I suspect I’m not alone, but as I get older I find myself increasingly worrying about the future while at the same time clinging ever more tightly to my past.
The first part of the equation is relatively easy to understand. My own declining health, expanding waistline and long-gone ability to party all night and then bounce into work on two hours’ sleep combined with a desire to secure my kids’ future mean that savings, investments, pensions, life assurance and wills are rarely far from my mind.
But the flip side of all that is a growing tendency to hang on to the relics of my past.
Take music for instance. I still listen to 80s music just as much as I do anything more recent. In our loft – which desperately needs clearing out so that I can refill it with different types of crap – I still have two large boxes of music cassettes dating between roughly 1982 and 1993. I haven’t listened to any of these in at least 15 years, have no burning desire to and, even if I did, I would probably find that most of them have long since deteriorated beyond repair.
The same applies to archived collections of books which I will never read again, which could easily be disposed of via charity shops, Amazon, eBay, Freecycle or any number of online sites dealing in buying second-hand books. Or to my old first and second-generation Playstation console and games – again, there is no shortage of websites who make it easy to find a new home for these and recoup some cash in the process.
There is no reason for me to hold on to any of these. Cassettes I will never listen to. Books I will never read. Games I will never play.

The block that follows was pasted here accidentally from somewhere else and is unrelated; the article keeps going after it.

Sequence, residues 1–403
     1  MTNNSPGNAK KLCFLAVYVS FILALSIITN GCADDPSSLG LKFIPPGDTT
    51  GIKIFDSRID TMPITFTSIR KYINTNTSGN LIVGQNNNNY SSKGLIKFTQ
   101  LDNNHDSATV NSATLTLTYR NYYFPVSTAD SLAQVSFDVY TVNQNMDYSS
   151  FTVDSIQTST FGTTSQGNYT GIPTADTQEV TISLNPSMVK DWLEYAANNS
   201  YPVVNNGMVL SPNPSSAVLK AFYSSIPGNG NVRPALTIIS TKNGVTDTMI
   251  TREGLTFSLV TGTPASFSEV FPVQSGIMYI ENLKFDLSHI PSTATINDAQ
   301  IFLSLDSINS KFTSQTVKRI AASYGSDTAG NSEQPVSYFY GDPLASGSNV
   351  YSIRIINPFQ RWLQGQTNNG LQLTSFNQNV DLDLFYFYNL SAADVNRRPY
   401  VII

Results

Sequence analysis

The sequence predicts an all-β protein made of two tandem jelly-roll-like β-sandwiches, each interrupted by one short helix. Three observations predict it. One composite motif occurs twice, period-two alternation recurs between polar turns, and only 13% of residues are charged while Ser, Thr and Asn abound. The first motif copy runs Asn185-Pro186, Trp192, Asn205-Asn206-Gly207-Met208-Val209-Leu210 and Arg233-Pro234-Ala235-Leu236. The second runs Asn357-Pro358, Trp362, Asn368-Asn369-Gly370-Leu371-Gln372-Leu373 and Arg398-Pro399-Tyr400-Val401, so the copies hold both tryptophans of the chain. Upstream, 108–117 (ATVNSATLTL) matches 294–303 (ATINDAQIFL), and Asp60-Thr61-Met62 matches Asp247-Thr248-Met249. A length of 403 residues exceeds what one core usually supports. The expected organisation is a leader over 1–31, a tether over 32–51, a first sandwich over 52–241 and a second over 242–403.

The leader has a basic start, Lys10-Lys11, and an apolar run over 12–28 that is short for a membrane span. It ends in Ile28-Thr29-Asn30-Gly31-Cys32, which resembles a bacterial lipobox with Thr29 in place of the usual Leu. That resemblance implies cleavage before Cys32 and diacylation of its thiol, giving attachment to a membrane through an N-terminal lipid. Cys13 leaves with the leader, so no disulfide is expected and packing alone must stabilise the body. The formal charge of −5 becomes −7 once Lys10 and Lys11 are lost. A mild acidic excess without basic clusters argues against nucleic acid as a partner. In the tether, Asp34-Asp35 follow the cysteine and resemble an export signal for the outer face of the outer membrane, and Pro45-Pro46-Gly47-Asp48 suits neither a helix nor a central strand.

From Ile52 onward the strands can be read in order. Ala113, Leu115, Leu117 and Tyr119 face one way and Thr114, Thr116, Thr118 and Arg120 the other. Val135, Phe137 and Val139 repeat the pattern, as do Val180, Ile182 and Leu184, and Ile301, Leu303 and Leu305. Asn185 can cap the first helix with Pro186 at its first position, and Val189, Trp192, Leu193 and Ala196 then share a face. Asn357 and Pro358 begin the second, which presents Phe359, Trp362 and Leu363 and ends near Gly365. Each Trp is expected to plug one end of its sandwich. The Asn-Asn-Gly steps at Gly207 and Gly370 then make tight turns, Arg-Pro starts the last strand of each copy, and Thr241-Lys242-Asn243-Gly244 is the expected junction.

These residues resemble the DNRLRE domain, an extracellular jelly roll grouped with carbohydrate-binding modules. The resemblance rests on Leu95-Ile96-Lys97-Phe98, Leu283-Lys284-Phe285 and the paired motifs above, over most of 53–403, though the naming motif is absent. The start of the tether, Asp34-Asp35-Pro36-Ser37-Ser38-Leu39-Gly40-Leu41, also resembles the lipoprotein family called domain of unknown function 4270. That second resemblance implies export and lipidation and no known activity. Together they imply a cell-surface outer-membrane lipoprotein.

So why do I stubbornly hold on to all these things, resisting the obvious financial and space-saving benefits? It’s probably because they are in some way still a part of me. Giving away the physical objects will leave only unreliable and fading memories in their place. I may not ever want to use or even look at these items ever again, but it’s reassuring to know they are still there, just on the off-chance.
I guess that’s why so many of us have lofts and garages full of what our other halves and children call ‘clutter’. It’s probably also partly why we have seen such explosive growth in self-storage spaces such as Big Yellow in recent years.
Maybe I’m part of a dying breed, the last generation of analogue dinosaurs who grew up with physical possessions, who stubbornly refuse to let go of their past. Maybe my kids, who are growing up with YouTube and iTunes and Kindles and cloud storage rather than videotapes and CDs and books and filing cabinets, won’t ever have to deal with the trauma of sending an album they haven’t listened to for 30 years to a charity shop.
Are they the lucky ones, or are they missing out on something? Or is that like asking a Victorian adult whether they can imagine a future without gas-lights and horse-drawn carriages?
The world is moving on at an ever more rapid pace, and we are all moving with it in our own way. That’s progress. But at the same time I sometimes want to just sit down, maybe even take a step backwards, and just capture the view. Does that make me nostalgic? Sentimental? Out of touch? Or just human?